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Michael Cooper came into the NBA in 1978 and established himself as one of the key pieces to the Showtime Los Angeles Lakers of the 1980s. He wasn’t flashy like Magic Johnson. He wasn’t dominant like Kareem Abdul-Jabbar.

Cooper flew under the radar because his offense was secondary. The 6-foot-7 guard out of New Mexico was a third-round pick of the Lakers in the 1978 NBA Draft but played a significant role on five championship teams by shutting down the opposing team’s best player.

Michael Cooper made his money by playing defense

Michael Cooper of the Los Angeles Lakers dribbles the ball while defended by Armond Hill of the Atlanta Hawks during an NBA game circa 1980 at The Forum in Inglewood, California. | Focus on Sport/Getty Images.

Occasionally, Michael Cooper would break out offensively, but that wasn’t the reason he lasted 12 years in the NBA. The Lakers had Magic and Kareem. They had James Worthy and Byron Scott. There was more than enough offense to go around.

Cooper sacrificed headlines for championships. None of that went unnoticed by his teammates. Johnson pointed it out when he was a guest on the All the Smoke podcast in January.

“Michael Cooper played a big role in us winning,” Johnson said. “Coop could’ve started for any team in the league. He decided the sixth-man role was great for him. Whoever the highest scorer was on the opponent’s team, he would take him and really shut him down.”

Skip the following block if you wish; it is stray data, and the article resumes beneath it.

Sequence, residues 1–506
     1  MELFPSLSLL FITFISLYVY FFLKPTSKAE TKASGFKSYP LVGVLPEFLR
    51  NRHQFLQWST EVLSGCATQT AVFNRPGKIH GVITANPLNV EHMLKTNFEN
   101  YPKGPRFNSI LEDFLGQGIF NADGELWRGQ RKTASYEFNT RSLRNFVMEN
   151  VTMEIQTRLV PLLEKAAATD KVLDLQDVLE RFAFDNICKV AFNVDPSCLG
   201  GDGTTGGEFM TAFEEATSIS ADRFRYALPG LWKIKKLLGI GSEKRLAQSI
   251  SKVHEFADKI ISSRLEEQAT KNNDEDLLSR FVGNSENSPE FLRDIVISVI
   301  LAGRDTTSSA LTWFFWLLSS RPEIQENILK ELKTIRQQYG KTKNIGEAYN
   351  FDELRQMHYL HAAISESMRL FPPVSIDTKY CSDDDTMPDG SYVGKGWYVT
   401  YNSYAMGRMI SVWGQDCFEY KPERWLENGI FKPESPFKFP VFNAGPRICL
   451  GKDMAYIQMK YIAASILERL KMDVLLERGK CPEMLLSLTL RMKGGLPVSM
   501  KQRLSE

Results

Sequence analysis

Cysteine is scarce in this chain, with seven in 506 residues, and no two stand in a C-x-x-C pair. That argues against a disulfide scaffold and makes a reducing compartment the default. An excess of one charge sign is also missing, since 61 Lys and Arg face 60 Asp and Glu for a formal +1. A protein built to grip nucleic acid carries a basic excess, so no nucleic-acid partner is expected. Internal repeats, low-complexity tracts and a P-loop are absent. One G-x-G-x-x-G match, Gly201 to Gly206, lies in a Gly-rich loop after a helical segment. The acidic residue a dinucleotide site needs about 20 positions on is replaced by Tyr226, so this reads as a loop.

Cooper did the dirty work. His job was to try and limit guys like Larry Bird, George Gervin, and several other top-notch scorers. He deflected much of that well-deserved credit for his defensive success.

“What I always tell people is you guys — you, Magic (Johnson), (James) Worthy, Kareem. I was only as good as you guys were giving me my help,” Cooper said on Scott’s Off the Dribble podcast. “I knew if I went out there, and Larry got by me several times, but you were always there. Magic was always there.”

Cooper vividly remembers his ‘welcome to the NBA’ moment

Cooper wasn’t a high draft pick like many of his fellow teammates. His spot on the roster wasn’t a given, so he had to battle his way — literally — into the league. Cooper recalled how he knew right away that life in the NBA wouldn’t be so easy.

That came courtesy of Ron Boone, a 6-foot-2 veteran guard who was a former teammate of Cooper for a short time in LA.

“Ron Boone gave me the nastiest welcome to the NBA,” Cooper said on his Showtime With Coop podcast. “I remember when I came in with the Lakers, Ron Boone was with the Lakers. Because of our youth movement, all those players like Ron Boone, Lou Hudson, Jim Brewer got shipped out because myself and Magic came in.

“Well, Ron ended up in Utah. The first time we played the Utah Jazz, at the old Salt Palace, he had just gotten traded there and it was the first regular-season game. Ron is about a year away from being retired, he had some venom for me. I’m running down the floor, and I cut down the middle. Ron Boone hit me so hard in the chest with his forearm. He hit me so hard and said, ‘Welcome to the NBA, motherf***er.’

“That, right there, changed my whole life in the NBA. I’ll never forget that. I passed the ball, and I’m making a cut through the lane. Ron was guarding me and hit me. Took all the air out of me. I just grabbed myself and ran to the side because I had to catch my wind, but as I was going he said, ‘Welcome to the NBA, motherf***er.'”


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